U.N. resumes talks with Cambodian negotiators on Khmer Rouge tribunal


Published: Tuesday, January 7, 2003 at 6:01 a.m.
Last Modified: Monday, January 6, 2003 at 11:33 p.m.

UNITED NATIONS (AP) - For the first time in nearly a year, Cambodian and U.N. officials met Monday in a bid to restart talks on creating a tribunal for former Khmer Rouge leaders accused of genocide and crimes against humanity.

"We came very far. It's enough to demonstrate our good will," Sok An, a close confidante of Prime Minister Hun Sen, told reporters during a brief break in the talks. "We have ... optimism."

Secretary-General Kofi Annan invited the Cambodian negotiators to the United Nations to prepare for detailed talks in Phnom Penh at a later date. Annan must report to the U.N. General Assembly on the progress of the talks by March 18, according to a resolution passed last month.

The three-hour meeting at U.N. headquarters was the first face-to-face encounter between Cambodian and U.N. negotiators since the world body decided to abandon the process nearly a year ago, citing a lack of commitment on Cambodia's part to ensuring a high standard in the tribunal.

Sok An, who previously served as the Cambodian government's chief negotiator with the United Nations, and legal counsel Hans Corell, who is representing the United Nations, gave few details on Monday, but said they talks included legal issues and preparation for a possible agreement. The discussions were to continue Tuesday.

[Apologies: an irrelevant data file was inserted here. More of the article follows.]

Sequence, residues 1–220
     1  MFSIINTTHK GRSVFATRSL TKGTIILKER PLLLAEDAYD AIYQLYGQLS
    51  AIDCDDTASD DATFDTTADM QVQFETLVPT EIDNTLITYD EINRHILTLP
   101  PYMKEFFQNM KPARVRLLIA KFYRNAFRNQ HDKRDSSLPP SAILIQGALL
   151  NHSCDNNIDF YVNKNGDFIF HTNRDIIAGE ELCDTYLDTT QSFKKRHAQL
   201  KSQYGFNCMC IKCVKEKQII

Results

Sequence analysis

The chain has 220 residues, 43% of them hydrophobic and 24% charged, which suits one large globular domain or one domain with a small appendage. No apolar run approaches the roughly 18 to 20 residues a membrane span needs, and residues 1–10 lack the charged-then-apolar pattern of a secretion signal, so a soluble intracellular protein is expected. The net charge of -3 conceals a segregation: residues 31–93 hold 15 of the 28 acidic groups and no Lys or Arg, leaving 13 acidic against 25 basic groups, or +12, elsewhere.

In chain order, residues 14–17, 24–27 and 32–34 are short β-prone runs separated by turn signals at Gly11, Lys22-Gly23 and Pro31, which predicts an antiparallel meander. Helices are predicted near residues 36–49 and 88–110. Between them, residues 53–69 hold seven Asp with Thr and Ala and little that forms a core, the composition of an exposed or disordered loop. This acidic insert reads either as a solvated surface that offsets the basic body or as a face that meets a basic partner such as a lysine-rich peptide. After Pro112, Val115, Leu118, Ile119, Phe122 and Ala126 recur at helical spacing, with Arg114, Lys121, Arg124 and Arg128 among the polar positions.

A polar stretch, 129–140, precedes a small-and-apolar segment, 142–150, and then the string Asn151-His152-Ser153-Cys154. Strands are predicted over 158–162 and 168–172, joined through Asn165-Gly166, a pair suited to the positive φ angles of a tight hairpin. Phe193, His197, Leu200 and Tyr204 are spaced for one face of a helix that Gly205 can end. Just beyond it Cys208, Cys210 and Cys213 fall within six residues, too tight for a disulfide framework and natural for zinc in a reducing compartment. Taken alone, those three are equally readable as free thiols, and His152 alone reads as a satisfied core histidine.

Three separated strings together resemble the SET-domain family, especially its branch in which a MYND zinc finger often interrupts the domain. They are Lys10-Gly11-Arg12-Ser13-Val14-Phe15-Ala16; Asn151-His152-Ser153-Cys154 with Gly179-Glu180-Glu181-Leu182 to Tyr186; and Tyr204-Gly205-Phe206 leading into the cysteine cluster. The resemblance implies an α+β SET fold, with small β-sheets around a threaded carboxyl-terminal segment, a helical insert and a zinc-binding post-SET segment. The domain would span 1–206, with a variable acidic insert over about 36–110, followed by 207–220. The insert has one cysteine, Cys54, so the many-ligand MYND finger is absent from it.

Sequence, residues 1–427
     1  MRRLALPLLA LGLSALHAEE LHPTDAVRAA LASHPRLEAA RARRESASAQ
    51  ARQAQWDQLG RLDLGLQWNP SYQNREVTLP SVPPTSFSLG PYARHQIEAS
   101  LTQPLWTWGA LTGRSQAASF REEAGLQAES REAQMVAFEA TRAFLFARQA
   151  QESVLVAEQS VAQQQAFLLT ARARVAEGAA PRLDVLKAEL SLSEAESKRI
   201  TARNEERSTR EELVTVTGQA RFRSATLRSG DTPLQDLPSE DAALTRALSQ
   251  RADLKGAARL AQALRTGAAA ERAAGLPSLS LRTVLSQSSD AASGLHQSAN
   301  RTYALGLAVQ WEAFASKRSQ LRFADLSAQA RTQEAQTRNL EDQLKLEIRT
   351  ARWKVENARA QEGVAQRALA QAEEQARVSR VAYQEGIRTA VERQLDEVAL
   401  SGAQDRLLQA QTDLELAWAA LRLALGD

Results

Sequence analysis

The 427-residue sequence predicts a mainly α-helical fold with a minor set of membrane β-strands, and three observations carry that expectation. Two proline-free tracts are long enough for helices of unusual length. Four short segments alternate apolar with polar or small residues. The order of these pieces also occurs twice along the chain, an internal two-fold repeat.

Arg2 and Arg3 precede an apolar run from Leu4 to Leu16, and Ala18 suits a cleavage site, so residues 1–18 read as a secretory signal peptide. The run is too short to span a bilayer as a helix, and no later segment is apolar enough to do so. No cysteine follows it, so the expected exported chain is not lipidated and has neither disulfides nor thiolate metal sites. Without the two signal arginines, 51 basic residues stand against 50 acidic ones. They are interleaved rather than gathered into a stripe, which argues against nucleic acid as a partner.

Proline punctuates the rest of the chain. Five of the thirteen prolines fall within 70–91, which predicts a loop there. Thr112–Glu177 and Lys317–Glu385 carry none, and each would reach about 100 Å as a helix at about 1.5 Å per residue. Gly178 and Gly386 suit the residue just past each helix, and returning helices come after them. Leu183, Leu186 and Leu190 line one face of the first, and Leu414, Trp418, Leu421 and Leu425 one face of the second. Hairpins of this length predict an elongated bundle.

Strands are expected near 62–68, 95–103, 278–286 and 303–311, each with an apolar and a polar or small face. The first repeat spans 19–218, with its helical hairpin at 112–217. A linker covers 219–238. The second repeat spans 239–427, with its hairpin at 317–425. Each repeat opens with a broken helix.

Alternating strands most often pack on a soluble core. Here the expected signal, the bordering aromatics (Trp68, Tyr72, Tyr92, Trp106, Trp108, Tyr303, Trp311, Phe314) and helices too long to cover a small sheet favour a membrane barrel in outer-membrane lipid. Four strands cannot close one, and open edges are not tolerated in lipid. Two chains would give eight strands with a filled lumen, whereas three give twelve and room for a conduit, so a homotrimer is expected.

In Cambodia, Hun Sen welcomed the resumption of talks and said that trials must be held to clear away the tragic legacy of the Khmer Rouge.

Because of "indescribable sufferings" and the deaths of "millions of our people," the radical communist regime cannot be forgiven, the prime minister said. "Trials for the genocidal regime must be held. They are unavoidable."

The United Nations suspended the five-year-old tribunal talks with Cambodia in February, citing a lack of commitment by the Cambodian government to ensure that trials would be fair. It has objected to Cambodian insistence that domestic laws take precedence in any future court.

Human rights groups say Cambodia's judiciary is weak and susceptible to political pressure.

The Khmer Rouge is blamed for some 1.7 million deaths of Cambodians from overwork, disease, starvation and execution during its 1975-79 rule. Although the movement is defunct now, many of its leaders still live in Cambodia and move freely in and out of the country.

Former Khmer Rouge army chief Ta Mok and chief interrogator Kaing Khek Iev are the only two senior Khmer Rouge officials in detention awaiting trial for genocide and crimes against humanity.

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